After having a cold drink with our “guides” and car watchers, it was time to go and return to the city by car. The highway is in good shape and we had no difficulties. That night we had dinner with my cousin Marcela Azcarraga, who also had as guests my cousin Dickie Azcarraga and a second cousin, Mimi Diaz. Her helper Zaida had helped make the dinner and it was all very good and I enjoyed being with them and meeting Mimi for the first time.

It was an outstanding day and the train ride was the frosting on the cake.

Every Week we publish part of Louis Celerier’s mesmerizing tale of how he rediscovered the country of his childhood. Subscribe to this blog or follow us on Facebook to make sure not to miss anything!

The Streetcars (Tranvias) of Panama

By Louie Celerier

There are few of us left that remember riding in the streetcars (tranvias) of Panama.  Those of us that rode in these vehicles remember the fun it was regardless of the destination or the reason for the ride.  It did not matter. What mattered was that, whenever we needed to go anyplace, we would ride the “tranvia”.  Notes from others that enjoyed these mechanical caterpillars recall the routes which included  such landmarks as the Café Coca-Cola, The French Bazaar, the sweetshop La Gran Via, the Kiosk of Mr. Mejia (always wearing a beret) where one could acquire apples, pears, grapes, sodas, newspapers, magazines and comic books, La Flor Panameña, Farmacia Preciado and La  Central de Lecherias to name a few.  All that, and much more, within the reach of those that were lucky enough (in my boyhood opinion) to ride the tranvias.  But I came too late to enjoy them very long.  By 1941 they were gone (1).

II. My Recollections

For me, the era of the streetcars, or Tranvias, in Panama was from 1932 until Saturday, May 31, 1941, when, at midnight, service ceased forever. Thus, my recollections begin later as I grew old enough to start appreciating their existence. In my fading memory, I remember the streetcars as a Sunday afternoon family fun diversion, riding through downtown and then heading to Balboa, in the then Panama Canal Zone. As time went by, I came to realize it was also a means of transportation to downtown; trips, by the way, which except for the ride, I did not enjoy much as they involved visiting fabric shops. There, my mother would purchase the necessary items to make us clothes, but this shopping also represented long waits in the store, with nothing to do, while my mother looked around and conversed with the help, who were also friends of the family. Eventually the streetcars also meant a way of getting home from school until the day the service was discontinued.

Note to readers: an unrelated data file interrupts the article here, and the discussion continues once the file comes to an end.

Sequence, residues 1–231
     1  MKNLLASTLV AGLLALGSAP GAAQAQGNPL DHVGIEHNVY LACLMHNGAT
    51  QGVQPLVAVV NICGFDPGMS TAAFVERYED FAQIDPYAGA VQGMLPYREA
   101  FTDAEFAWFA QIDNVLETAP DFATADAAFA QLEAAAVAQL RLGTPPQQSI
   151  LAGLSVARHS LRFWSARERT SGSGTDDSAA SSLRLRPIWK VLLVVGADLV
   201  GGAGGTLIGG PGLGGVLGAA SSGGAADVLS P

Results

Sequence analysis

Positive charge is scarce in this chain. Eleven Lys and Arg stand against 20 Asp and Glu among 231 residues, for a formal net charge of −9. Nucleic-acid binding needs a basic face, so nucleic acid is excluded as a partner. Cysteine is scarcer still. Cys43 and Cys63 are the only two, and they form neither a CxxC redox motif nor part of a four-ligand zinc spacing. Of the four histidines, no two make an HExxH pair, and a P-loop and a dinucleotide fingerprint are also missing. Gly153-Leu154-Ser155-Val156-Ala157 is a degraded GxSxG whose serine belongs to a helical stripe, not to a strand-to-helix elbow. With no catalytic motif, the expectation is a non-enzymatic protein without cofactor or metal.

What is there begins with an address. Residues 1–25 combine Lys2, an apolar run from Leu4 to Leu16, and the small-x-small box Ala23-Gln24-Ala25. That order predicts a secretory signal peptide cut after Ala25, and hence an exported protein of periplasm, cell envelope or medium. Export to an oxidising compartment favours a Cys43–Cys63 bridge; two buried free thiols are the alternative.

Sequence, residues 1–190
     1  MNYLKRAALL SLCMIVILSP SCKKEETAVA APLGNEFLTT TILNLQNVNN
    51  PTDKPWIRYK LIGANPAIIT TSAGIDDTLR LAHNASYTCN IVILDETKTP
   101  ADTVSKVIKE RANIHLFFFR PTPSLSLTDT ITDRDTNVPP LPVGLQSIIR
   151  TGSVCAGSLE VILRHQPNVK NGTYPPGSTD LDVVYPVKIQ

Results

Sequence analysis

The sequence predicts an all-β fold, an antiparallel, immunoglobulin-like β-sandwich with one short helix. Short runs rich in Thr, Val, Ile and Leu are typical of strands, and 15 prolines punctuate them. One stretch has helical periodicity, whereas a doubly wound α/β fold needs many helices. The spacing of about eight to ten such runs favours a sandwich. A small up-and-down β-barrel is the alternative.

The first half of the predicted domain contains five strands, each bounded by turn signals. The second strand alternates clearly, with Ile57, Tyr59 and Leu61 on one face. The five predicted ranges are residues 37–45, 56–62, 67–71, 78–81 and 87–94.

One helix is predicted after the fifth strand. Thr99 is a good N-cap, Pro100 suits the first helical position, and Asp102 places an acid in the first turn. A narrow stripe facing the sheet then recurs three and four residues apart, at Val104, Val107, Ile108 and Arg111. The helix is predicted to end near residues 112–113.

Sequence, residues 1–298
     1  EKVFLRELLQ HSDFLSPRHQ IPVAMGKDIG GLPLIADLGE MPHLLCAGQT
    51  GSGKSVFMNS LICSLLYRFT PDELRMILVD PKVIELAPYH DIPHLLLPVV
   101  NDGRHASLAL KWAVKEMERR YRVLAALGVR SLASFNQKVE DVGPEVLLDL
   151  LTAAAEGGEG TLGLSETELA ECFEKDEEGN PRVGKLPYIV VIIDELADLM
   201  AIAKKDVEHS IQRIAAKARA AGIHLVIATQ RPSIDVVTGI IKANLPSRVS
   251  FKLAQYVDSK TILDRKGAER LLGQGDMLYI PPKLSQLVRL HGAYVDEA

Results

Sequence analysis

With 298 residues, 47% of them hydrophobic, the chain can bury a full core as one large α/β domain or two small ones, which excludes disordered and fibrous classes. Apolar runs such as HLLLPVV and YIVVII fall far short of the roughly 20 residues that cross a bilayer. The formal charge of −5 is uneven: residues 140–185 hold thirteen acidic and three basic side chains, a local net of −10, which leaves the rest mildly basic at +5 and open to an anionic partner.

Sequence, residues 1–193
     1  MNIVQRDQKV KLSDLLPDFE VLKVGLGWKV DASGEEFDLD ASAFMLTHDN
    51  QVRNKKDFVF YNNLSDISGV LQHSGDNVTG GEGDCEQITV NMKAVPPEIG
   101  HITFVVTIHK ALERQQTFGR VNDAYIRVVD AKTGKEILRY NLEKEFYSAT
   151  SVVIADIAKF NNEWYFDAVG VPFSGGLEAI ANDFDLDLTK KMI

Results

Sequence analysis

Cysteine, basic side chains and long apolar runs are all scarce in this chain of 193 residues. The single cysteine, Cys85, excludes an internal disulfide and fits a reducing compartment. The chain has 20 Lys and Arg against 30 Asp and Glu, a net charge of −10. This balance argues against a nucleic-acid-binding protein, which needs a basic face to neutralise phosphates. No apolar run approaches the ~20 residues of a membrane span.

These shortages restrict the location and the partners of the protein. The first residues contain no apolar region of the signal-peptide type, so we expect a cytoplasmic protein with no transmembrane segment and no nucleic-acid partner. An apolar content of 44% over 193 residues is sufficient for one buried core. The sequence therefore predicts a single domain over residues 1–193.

The Routes: The routes I remember from my days using the trolleys were only two: (1) From SABANAS to PALACIO and (2) from BELLA VISTA to BALBOA.

The SABANAS to PALACIO route started around the area of Villa Hermosa, close to the little church of Maria de Lourdes and followed Via España all the way to El Casino. Then it went on Central Avenue to Santa Ana Plaza, Cathedral Plaza and the Palacio de Justicia by the National Theater, near the old Union Club. (If you notice errors in my descriptions, please note that my recollections are from when I was some 4-5 years old until I was 9).

The streetcar station in my neighborhood

This was a very familiar view to me. The pick-up is in front of the grandiose Fuerza Y Luz (Power & Light) building across the street from the Cecilia Theater. It was a favorite place to wait for the trolley because it was always cooler inside and they had an iced water fountain. There are two sets of tracks here and you can see two trolleys in the background going in opposite directions.

The BELLA VISTA to BALBOA route started at the old Miramar Club/Colegio Miramar by Parque Urraca on 46th Street. It joined the SABANAS-BALBOA tracks at Via España near the station in front and across the street from what was then “La Central de Lecheria” on the corner of Via España and Calle 45. Calle 45 went over the hill and joined Simon Bolivar Avenue. This station served as a transfer point if you wanted to go to Sabanas or Palacio, or vice-versa. The BALBOA route then continued on the same direction as the PALACIOS route until reaching Santa Ana Plaza. There, in front of the French Bazaar, the route would switch to “C” Street for one block heading toward the Variedades Theater. It then made a sharp turn into 14th Street and another into “B” Street heading through Chorrillo into 4th of July Avenue. Crossing into the Canal Zone it took Balboa Road to La Boca Road ending up in La Boca near the ferry crossing. The turn from “C” Street into 14th Street always fascinated me. As the car turned, the roof would just barely miss the balcony of the house on the corner. Up until the last minute I felt sure it was going to hit it until the last second. Then it would complete the turn and miss it by what appeared to be a fraction of an inch.